Sunday, November 22, 2015

Juana Gonzales Oral History

Interview with Juana Gonzales
November 21, 2015
East Lansing, Michigan
Chicana Por Mi Raza

We interviewed Juana Gonzales on Saturday, November 21, 2015. Upon arriving and unloading groceries, Juana offered her husband’s help to us while making breakfast and exclaimed, “This is definitely not a macho home!” At this point, we knew that Juana was someone with intense feminist ideals. Juana and her husband, Jesse, were excited to show us everything they owned related to the Chicana and Chicano movement. We were really surprised to find that Jesse was a collector of Chicano items such as movie posters, photographs, books, and pins. Jesse, like his wife Juana, was heavily involved in the movement and they actually met through Juana’s sister and their involvement with the movement.

Setting up for the interview seemed daunting at first, but Juana had a living space that was practically perfect for our interview. A sectional couch offered a spot for Juana to sit and a spot for Professor Cotera to be able to face her perfectly. Setting up the camera and lights went smoothly, although we had to face the light towards the ceiling so that it was not blinding Juana and not as reflective. We were having complications understanding whether or not the Zoom Recorder was recording properly. After fiddling with it, we thought we had it figured out. However, it appears that the Zoom did not save the sound files from the interview.

Juana is the second oldest of eleven children in a strictly Catholic family. She moved to Michigan in her twenties to help look after two of her siblings who started college at Western Michigan University. Prior to moving to Michigan permanently, Juana and some of her siblings lived in different parts of Michigan and Wisconsin as migrant workers. Juana became very involved with groups in Kalamazoo, including Planned Parenthood and a Chicana feminist group. It was apparent to us that Juana has always been very open about identifying as a feminist, unlike many of the other Chicanas that we have learned about. She remained very involved in organizing and fighting for equality until the end of her career as an elementary school teacher. We were surprised to hear some of her stories about the discrimination she faced throughout her lifetime. One particular story that stuck out was about her and other Chicanos and Chicanas taking over the president’s house at the University of Michigan to demand he address the treatment of minorities. He laughed at them and asked them to clean while they were there!

While Maria, Shirley, and Taylor interviewed Juana in the living room, Katelynn was busy scanning items from Juana’s archive in a separate room. Juana’s husband was even kind enough to put on the Michigan football game against Penn State. Juana and her husband had an impressive collection of buttons from various political and social movements that we scanned and added to our collection. Katelynn also scanned several pictures from Juana’s collection that included photographs from Juana’s childhood, her wedding to Jesse, and her days as a teacher. We also scanned several documents from Juana’s collection including love letters between her and her husband, Juana’s voting card from a women’s organization she was a member of, and an excerpt from a book that included all the organizations Juana was a member of in the 1970s.

After the interview was over, clean up did not take too long. We were able to successfully transfer all the images we took from our interview with Juana to our team’s hard drive, but as previously noted, we had issues with the Zoom Recorder.  We also made sure to get a team picture with Juana. At around 4:30 we departed from Juana’s house. Little did we know that the most intense and terrifying part of our oral history was about to begin. The weather and road conditions were absolutely horrible for our ride back to Ann Arbor. What was supposed to be an hour ride home, turned into a two hour long ordeal of navigating the white out conditions on the road and counting how many cars had skidded to either the median or side of the highway. Needless to say that our group would not have survived without the cool calm nerves of Shirley Rivas behind the wheel as she fearlessly navigated through the snowy apocalypse.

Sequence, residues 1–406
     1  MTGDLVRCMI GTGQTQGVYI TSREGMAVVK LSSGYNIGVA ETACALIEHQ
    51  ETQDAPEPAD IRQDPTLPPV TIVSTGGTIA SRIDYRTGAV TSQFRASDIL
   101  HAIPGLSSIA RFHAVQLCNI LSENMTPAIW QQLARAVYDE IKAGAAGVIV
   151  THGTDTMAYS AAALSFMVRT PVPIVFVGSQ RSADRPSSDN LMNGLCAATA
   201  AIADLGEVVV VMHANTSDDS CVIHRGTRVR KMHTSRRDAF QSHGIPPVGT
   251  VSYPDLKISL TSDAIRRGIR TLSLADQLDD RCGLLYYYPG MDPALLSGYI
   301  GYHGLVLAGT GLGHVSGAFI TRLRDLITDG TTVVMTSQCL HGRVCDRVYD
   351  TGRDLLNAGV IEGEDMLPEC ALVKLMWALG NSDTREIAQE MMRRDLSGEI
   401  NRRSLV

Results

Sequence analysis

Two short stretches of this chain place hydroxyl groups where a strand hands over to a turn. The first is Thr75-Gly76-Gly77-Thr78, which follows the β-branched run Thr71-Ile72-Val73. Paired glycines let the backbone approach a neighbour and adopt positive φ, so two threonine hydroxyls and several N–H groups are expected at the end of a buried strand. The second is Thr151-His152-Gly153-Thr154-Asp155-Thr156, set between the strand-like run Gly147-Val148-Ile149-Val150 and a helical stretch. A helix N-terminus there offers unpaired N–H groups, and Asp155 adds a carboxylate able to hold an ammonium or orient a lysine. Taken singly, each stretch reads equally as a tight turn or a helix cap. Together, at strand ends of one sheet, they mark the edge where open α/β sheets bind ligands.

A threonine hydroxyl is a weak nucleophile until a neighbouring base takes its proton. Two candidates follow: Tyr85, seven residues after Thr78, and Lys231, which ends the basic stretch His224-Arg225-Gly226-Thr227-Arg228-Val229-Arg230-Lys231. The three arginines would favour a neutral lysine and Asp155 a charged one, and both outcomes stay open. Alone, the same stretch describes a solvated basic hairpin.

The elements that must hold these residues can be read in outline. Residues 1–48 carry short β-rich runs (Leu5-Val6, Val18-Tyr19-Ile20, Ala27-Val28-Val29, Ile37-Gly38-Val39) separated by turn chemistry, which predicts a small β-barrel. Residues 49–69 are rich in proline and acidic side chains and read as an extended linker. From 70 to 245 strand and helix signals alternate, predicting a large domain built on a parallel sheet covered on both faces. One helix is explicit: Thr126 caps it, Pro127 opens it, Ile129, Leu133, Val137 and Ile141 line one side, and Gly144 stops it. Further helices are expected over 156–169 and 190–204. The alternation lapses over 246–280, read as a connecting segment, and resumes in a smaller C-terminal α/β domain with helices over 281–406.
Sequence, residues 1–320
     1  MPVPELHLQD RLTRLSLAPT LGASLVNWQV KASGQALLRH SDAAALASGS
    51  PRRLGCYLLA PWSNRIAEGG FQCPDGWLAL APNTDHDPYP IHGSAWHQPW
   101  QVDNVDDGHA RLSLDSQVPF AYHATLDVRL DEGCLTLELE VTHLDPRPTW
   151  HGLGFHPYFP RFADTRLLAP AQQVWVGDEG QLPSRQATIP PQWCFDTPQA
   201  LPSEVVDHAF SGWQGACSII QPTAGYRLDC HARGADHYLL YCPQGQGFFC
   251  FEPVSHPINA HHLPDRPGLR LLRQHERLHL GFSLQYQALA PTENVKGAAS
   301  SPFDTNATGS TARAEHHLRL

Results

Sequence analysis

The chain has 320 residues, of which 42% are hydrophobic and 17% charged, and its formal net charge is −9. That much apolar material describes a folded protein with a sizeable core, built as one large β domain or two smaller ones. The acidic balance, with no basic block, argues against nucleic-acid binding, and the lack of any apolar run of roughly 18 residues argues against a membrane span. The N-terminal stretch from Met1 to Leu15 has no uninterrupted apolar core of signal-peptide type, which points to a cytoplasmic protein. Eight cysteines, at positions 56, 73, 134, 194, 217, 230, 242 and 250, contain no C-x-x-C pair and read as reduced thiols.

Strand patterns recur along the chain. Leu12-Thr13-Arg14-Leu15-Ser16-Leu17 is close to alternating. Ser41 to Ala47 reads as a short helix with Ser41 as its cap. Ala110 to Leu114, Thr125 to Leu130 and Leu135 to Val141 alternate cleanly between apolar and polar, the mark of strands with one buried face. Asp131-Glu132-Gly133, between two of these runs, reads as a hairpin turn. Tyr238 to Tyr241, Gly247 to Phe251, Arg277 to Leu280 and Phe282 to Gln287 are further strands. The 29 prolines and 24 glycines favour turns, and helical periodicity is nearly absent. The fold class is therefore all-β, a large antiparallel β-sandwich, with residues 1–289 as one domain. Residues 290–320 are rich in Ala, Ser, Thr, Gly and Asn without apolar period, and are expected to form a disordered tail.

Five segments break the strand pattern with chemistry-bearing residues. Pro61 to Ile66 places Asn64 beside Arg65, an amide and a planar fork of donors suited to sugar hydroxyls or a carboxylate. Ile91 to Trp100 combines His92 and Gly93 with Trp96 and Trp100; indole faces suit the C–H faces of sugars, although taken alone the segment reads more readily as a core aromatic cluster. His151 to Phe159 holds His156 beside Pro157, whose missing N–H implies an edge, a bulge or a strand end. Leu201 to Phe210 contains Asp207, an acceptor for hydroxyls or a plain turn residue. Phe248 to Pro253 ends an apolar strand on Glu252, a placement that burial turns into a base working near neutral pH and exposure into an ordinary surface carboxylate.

Our group is excited to have finally filmed our oral history, but we know a lot more work needs to be done. In the upcoming weeks we plan on editing the film or our interview into 10 minutes sections, developing Juana’s collection catalog, and writing her final biography for the Chicana Por Mi Raza website.

We had some issues uploading a video clip to YouTube for our blog post, but the videos do exist on our team's hard drive and Taylor's computer.

Monday, November 16, 2015

Angela Reyes's Oral History

Interview with Angela Reyes
November 8, 2015
Detroit, MI
Chicana Por Mi Raza

"I really did not come up with any issues with scanning and taking notes. The notes part was easy. Ramiro synched the timer on his phone with every take, so the notes could have a correct time next to them. I would def recommend trying it. As for the scanner, it was fairly easy to scan all the documents, except we did come up with some issues when documents were awkwardly sized. There were a few documents that we came across that were too long or wide for the scanner. Maria brought with her a clear plastic film that we used to place over the documents (in this case a newspaper article) and we took a picture of it with one of our phones. We also scanned the item in chunks for safe measure. The images we scanned in chunks will have to be stitched together at some point, so for clarity, we used the same item number for each piece (when naming the document to be saved). For multiple images for one document, we named them as follows AR2015_A001, AR2015_B001, AR2015C001, etc. (this is just an example, not an accurate document title but you get the idea). Overall I really enjoyed the interview, it was not only very informative but also emotional and empowering."